comment Deployment Testing - when to perform
Can the process of creating the RIP be automated?
comment Test team names
We ended up going with a fun acronym that includes "QA". It works for our company culture. We refer to ourselves as testers or SDETs (we're geographically close to Microsoft, so this makes sense). So we're kind of straddling the test / QA argument. Since two of the top 3 answers are defending testing, I'm picking the top test-defending answer. But, I think Joe's answer is a great response, too.
comment Test team names
I'd be less worried about internal reputation, and more concerned about external presentation - think hiring. Obviously the company knows what we do or can be educated to better understand it, but we want to send as many signals to potential new hires as we can that will help them understand if they might be a fit for our culture.
comment How can my team move away from record-and-playback when not everyone has scripting experience?
+1 for DSLs (Domain Specific Languages - like Cucumber's Gherkin) that allow people to write scripts in English or near-English with code-behind written by a developer.
comment Is my pay fair, just based on the fact I have little experience
Great answer. Career-building skills and experience are worth more early in your career than salary these days. At the same time, don't be afraid to move on if you can get a better offer - as long as you can learn in your new position also.
comment Are Exhaustive “Brute Force” UI Tests Worth It?
Another point on UI testing for the wrong reasons: Resorting to rigorous UI testing can be a sign of untestable code, that isn't being tested at lower levels well enough. UI testing should be essentially just making sure the UI responds the way it should - and not functionality testing (with some exceptions, e.g., end to end tests). Unit tests, API tests, component tests, etc. should cover functionality. UI tests should be a small part of the overall testing effort in most cases.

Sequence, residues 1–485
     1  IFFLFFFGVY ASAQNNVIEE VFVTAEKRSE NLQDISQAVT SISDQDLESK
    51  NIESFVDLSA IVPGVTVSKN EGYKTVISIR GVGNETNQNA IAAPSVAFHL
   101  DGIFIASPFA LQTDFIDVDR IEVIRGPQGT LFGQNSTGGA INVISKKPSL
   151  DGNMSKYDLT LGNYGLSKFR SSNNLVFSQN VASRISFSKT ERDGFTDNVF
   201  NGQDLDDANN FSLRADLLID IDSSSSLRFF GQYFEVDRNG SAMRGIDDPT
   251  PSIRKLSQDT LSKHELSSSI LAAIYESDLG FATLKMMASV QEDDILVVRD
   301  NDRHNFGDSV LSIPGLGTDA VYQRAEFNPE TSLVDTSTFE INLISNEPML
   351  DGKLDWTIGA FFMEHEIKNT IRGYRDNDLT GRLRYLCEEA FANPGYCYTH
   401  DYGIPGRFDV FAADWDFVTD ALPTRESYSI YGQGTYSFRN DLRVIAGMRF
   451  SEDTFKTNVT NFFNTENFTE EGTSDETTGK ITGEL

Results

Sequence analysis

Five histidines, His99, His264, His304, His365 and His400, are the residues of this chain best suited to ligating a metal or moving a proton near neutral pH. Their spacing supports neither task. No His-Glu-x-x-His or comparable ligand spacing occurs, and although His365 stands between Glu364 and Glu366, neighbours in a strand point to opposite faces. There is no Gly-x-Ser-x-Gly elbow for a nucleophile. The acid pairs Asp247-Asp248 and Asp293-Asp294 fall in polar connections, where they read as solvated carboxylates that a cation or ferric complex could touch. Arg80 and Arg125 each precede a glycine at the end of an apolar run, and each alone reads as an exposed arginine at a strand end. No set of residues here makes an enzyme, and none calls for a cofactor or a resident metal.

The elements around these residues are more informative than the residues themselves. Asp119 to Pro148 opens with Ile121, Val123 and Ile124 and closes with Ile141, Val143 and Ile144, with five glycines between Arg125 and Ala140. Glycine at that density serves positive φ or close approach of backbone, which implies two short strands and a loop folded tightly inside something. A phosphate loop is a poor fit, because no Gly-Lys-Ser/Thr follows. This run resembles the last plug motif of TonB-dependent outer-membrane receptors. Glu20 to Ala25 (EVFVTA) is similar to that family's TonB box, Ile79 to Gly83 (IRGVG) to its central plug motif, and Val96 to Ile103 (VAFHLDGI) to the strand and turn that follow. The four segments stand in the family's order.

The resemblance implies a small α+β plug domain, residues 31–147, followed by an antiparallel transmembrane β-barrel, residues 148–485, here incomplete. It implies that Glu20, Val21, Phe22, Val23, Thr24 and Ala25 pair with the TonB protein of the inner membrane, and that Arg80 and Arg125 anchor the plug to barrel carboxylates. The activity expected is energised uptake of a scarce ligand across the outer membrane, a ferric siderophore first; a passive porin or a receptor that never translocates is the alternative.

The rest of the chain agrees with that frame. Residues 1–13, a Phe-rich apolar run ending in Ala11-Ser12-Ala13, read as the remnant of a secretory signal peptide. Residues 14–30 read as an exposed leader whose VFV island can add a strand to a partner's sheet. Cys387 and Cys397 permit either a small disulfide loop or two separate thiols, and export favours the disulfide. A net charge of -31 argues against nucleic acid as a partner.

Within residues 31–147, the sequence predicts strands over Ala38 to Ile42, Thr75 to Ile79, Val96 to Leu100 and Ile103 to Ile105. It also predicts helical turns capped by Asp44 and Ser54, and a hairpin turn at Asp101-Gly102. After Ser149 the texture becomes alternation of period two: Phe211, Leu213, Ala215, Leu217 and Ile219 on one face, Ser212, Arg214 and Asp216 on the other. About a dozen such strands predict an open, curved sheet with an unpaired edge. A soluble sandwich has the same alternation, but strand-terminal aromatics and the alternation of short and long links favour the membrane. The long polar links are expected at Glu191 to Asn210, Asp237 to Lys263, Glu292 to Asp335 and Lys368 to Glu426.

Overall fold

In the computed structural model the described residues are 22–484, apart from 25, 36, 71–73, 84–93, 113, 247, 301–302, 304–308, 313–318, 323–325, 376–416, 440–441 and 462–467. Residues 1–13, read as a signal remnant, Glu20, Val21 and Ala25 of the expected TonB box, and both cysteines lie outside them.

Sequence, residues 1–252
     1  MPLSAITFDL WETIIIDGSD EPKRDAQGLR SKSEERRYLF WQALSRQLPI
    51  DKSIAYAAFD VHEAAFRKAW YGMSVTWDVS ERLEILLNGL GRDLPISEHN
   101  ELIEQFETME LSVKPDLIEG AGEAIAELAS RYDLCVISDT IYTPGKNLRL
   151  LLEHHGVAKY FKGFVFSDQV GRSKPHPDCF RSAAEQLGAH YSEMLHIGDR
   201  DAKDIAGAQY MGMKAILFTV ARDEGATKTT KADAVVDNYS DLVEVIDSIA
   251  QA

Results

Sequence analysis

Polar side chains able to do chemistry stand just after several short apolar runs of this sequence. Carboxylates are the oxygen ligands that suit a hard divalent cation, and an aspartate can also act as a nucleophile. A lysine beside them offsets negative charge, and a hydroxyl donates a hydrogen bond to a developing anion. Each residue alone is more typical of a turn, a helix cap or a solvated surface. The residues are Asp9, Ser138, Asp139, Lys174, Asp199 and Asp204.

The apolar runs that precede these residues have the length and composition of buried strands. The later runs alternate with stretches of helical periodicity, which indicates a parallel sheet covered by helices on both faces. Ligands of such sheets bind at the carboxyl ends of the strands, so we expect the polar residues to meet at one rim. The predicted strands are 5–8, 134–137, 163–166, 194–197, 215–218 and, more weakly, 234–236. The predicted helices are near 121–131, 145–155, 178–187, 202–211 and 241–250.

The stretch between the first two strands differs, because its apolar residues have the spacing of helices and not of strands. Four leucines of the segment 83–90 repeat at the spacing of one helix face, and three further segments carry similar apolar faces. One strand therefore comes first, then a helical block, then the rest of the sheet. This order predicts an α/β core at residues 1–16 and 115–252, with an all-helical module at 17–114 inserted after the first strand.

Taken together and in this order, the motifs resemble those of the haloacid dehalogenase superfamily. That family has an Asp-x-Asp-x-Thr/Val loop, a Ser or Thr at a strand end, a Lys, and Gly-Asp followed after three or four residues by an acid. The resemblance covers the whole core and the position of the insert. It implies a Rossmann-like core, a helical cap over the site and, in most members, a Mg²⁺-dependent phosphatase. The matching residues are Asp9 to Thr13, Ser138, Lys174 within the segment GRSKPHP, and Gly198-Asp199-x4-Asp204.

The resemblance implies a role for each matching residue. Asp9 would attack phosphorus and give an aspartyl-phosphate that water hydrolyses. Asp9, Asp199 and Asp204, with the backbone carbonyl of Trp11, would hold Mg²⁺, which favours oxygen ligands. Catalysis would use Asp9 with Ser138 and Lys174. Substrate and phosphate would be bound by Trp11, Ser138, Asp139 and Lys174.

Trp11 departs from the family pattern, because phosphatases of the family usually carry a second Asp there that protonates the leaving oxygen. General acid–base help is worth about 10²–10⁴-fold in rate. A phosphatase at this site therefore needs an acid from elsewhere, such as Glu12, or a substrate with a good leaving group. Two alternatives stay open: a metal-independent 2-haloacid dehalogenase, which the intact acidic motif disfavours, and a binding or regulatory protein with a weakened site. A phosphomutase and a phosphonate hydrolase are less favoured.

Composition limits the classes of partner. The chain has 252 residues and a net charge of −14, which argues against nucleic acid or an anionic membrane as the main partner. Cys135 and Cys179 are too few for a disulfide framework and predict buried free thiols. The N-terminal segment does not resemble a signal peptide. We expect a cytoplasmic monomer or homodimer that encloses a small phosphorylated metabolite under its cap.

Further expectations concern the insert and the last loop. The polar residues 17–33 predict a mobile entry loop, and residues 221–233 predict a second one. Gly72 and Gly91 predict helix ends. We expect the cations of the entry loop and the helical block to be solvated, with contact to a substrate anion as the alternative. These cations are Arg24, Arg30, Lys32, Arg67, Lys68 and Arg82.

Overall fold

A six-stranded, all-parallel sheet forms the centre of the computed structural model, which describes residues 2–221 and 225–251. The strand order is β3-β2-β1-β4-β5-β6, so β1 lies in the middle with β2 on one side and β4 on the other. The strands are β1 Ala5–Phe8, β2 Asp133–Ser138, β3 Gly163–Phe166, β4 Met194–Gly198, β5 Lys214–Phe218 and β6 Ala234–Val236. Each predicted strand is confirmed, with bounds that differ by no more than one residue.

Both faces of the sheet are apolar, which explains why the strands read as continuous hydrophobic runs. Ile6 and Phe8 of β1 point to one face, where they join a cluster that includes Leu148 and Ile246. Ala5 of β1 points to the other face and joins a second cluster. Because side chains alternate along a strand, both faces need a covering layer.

comment Suitability of functional testing to problems with many interrelated inputs
Do you know where you read this? A link might help us understand the context of what this person meant by "functional testing".
comment Where should test fixture code live?
Changed the accepted answer to match what I actually did in the end . . apologies if this has led to any confusion
comment Resume and job seeking advice - career change from Development to Testing
@gbjbaanb, MS isn't actually a bad place these days, at least not from a work/life balance standpoint. Flexible hours, options to WFH, and little to no overtime expected on most teams that I saw.They also have great HR and benefits support for mental health. If you are a manager or lead, there's a fair amount of pressure - but they generally do a good job of sheltering the individual contributors :) I guess they've learned from their past mistakes . . . they aren't a perfect company, but I thought work/life balance was one of their strong points when I was there.
comment Is browser version matrix a thing of the past?
One site I test skews heavily towards older browsers - we don't test IE9 and do test IE6 because of what we see in the web logs. We'll be keeping an eye on these numbers, but otherwise don't see major changes coming.
comment Some Selenium tests fail on server but pass locally
This is unlikely on a server, but might be worth checking. Does the computer go into sleep mode or hibernation? I don't know if/ how that would affect Selenium, but I've had issues w/ UI automation before from this.